Good morning. It’s Tuesday. We’ll be looking at Governor Kathy Hochul’s campaign ahead of November. We’ll also explore what we need to know now that the global monkeypox outbreak has reached New York†
Gov. Kathy Hochul looks set to sail to a comfortable win in the Democratic primary for governor next week.
By a seemingly commanding lead, she has pursued a Rose Garden strategy against her opponents, Long Island Representative Thomas Suozzi and New York City public advocate Jumaane Williams. She has spent millions of dollars on TV commercials and digital advertising. But she has mostly stayed above the political fray and avoided personal campaign appearances. In fact, most of her appearances this spring — in black churches or in parades, for example — have been counted as official duties. Her campaign has only listed five events in the past month.
Her approach has been so restrained that some elected officials, party leaders and Democratic strategists are concerned. They fear that Hochul, a relatively untried candidate from western New York who wasn’t well known in the downstate before replacing Andrew Cuomo as governor 10 months ago, hasn’t developed the kind of political ground game that would spark enthusiasm among black and Latino voters. and trade unions. members in New York.
That could affect turnout in November, they say — and low turnout could, in turn, put Democrats at risk on the vote. Democratic strategies say it could harm Antonio Delgado, the Hudson Valley congressman she chose as lieutenant governor. He takes on Ana Maria Archila and Diana Reyna.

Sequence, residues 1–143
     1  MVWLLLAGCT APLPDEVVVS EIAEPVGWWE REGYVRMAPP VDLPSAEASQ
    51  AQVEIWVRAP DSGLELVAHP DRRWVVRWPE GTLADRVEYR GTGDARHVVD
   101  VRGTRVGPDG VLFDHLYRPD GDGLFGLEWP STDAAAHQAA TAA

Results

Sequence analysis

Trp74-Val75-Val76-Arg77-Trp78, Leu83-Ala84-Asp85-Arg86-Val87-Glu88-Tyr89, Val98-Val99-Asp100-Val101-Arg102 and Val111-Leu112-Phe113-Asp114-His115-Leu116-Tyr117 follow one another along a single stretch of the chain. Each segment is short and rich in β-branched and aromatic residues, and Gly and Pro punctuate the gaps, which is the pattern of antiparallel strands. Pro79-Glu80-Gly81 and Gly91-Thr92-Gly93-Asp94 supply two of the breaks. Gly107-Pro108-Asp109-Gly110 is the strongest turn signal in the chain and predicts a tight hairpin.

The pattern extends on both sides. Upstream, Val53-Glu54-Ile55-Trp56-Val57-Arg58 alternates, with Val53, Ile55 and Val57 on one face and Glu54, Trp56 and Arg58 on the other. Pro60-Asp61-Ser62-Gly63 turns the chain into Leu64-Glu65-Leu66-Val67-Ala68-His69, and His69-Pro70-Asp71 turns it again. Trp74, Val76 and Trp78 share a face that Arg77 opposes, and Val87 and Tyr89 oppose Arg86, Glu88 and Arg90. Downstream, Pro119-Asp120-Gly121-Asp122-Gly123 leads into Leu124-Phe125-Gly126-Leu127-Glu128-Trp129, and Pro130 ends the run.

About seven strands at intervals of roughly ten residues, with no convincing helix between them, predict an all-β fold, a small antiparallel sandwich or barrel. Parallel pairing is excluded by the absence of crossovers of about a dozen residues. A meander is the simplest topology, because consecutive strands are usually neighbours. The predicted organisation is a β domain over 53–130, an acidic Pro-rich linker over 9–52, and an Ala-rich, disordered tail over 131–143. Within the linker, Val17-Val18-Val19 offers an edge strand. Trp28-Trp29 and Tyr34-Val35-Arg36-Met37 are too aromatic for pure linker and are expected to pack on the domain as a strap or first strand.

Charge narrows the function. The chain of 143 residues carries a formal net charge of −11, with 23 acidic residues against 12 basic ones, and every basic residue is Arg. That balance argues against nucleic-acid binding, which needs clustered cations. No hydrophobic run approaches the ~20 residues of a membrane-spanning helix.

Charles Rangel, the longtime dean of politics in Harlem, sounded the alarm last month in a meeting with two of Hochul’s top political aides. He asked: Where is the campaign? There were no posters put up and no surrogates working in subway stations to smooth out the primaries vote.
Three major union leaders who support Hochul told my colleagues Nicholas Fandos and Jeffery C. Mays that they were baffled by the relative silence of Hochul’s team. They said they had not been asked for help to recruit or run other errands that her predecessors had routinely sought. One of them said bluntly that he had seen no evidence of campaign activity.
Tyquana Henderson-Rivers, a senior adviser to Hochul, acknowledged that the campaign took a “slower build” approach than officials like Rangel may have been used to.
But it has its reasons, she said, including the pandemic — which has shifted some personal campaigns to harder-to-see digital platforms — and the calendar. This is the first year in which the New York governor’s primaries will be held in June instead of September. The change will extend the time between the primary and general elections. Hochul’s team is now consciously managing resources to prepare for late summer and fall campaigns.
“We hear you,” Henderson-Rivers said, when asked about the concerns of fellow Democrats, before adding that Hochul’s campaign operation would get underway. “We’re touring,” she said.
Prepare for a chance of showers in the afternoon, with temperatures around the high 70s. At night, the chance of showers increases with temperatures in the mid-60s.
ALTERNATE SIDE PARKING
Valid until July 4 (Independence Day).
The latest New York news
Monkey pox cases are on the rise
Monkeypox, a virus long endemic to parts of Africa, is spreading worldwide. About 23 cases have been reported in New York, but health officials believe there are more undetected cases. Most reported cases are among gay or bisexual men or men who have had sex with other men. The city has said most cases so far have been mild, but even mild cases can cause a painful rash that can take two to four weeks to clear. I asked Sharon Otterman, who covers healthcare for Metro, for an explanation.
How is it distributed? Can it spread through respiratory droplets like the coronavirus can?